Lately I’ve been mostly working on research projects related to Machine Learning (both for my thesis and as a private contractor). Therefore, my ability to blog on development issues I’m encountering is somewhat limited. Therefore I have decided to start blogging about stuff I’ve learned and used along the years, both to keep it as a written memory and maybe to help some readers…
So for starter, I’ve decided to summarize various SQL issues I liked/learned/used. Some I got from fellow developers or DBA’s and some I had to learn on my own (sometimes at great personal risk to become completely crazy). I’ll try to do it in an organized fashion, each blog focusing on some other subject. The vantage point is that of a software developer not a DBA. I have seen many cases where a developer coming from C/C++ started using SQL. The first few days she invests in getting a good grip at the basic syntax (SELECT, INSERT, UPDATE, …). Then she starts writing stored procedures and learns some SQL programming concepts (like CURSORs). At some point, she starts getting acquainted with Views and Functions and learns various helpful built-in SQL functions. Then, slowly but surely, the problems start to arise, usually performance. Once the performance issues are more or less under control, there comes a time to design a new database. This new database inevitably includes many flaws, which will have to be dealt with at some point or another.
I have gone through this, and many good programmers I know have gone through a similar sequence. The purpose of this set of posts is to try and give the programmer a set of tools and knowledge base that can help her go through this ordeal with more ease and confidence. This is by no means a complete tutorial, but I still hope it will be of help. If there are any specific requests, please send a comment with the details. If I know the answer, I’ll try to asses it in the future posts.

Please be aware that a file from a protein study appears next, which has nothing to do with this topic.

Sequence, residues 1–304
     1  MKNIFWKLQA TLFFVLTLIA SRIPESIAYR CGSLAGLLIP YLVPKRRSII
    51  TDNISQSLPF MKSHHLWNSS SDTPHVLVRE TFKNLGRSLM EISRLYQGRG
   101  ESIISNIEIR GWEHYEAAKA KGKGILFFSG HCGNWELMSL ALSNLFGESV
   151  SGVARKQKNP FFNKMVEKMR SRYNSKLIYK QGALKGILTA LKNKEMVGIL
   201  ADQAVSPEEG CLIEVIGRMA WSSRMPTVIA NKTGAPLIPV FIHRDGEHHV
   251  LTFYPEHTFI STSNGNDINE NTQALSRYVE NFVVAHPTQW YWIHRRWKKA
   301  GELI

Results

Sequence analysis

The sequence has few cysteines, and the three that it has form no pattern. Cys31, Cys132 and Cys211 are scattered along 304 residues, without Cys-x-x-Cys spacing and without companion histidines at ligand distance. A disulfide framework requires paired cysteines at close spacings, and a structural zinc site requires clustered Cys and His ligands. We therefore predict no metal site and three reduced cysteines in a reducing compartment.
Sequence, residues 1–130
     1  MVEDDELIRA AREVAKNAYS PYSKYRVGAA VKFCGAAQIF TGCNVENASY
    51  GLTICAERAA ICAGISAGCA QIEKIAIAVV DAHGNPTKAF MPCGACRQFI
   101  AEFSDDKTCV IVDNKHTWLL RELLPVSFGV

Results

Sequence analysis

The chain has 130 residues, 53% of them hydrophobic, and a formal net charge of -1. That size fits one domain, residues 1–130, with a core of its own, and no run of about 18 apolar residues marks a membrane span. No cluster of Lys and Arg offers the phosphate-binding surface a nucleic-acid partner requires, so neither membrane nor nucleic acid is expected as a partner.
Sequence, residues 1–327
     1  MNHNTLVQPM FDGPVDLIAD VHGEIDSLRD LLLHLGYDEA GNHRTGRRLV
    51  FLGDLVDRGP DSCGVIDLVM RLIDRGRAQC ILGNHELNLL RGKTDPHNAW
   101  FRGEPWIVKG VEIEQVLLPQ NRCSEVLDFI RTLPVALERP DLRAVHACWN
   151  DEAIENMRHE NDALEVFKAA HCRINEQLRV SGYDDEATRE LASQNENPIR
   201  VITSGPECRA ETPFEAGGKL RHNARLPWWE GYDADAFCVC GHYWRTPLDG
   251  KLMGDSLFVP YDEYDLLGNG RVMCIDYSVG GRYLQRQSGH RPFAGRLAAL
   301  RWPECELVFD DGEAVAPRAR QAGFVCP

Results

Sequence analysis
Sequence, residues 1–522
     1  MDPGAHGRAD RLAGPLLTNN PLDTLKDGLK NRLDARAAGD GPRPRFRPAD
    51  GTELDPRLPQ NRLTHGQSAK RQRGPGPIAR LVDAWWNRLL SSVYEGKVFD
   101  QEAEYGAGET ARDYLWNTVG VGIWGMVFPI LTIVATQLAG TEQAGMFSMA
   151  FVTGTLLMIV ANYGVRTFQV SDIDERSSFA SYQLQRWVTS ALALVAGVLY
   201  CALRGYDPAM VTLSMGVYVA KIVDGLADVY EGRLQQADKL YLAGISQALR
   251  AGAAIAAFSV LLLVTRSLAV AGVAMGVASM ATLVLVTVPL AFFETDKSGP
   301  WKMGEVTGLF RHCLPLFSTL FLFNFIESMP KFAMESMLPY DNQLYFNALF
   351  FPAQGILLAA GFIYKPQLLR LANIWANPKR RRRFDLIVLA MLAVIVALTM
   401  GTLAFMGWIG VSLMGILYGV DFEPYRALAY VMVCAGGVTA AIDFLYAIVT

One last thing before I present the list of issues I intend to cover – since I’m still too short in hands-on experience with SQL2005, most of the information will be provided with SQL2000 in mind. I guess that most of the issues are applicable to SQL2005 as well, although the new SQL version certainly brings a whole series of new issues (with the CLR and all) as well as additional and revised tools. Also, these posts will assume familiarity with the basic SQL syntax (SELECT, INSERT, UPDATE).
Following is the list of issues I plan to asses. This is a preliminary list and may be altered along the way, but should give you some idea of what to expect.
- Basic tools you should keep at the ready
- Helpful web sites
- SQL Query Analyzer – things too many people learn too late
- SQL Profiler
- SQL Programming for Performance – basic programming tips that can help reduce future performance problems
- Similar code that runs faster
- Temporary tables
- Use of indexes
- Locks and Deadlocks – using and troubleshooting
- Locking in SQL 2000 and isolation levels
- Simple deadlock scenario
- Troubleshooting locks and deadlocks
- Troubleshooting performance problems
- SQL Profiler to the rescue – how to configure, what to look at
- SQL Query Analyzer - reading the Execution Plan
- SQL Server configuration
- Analyzing index behavior
- Partitioned tables
- Some advanced Tips and Tricks
Things I do not plan to discuss at this point:
- Accessing SQL objects programmatically (SQL DMO)
- Using ADO/ADO.NET
- XML Integration
- Reporting and Notification
- Scheduled tasks
- Roles and Permissions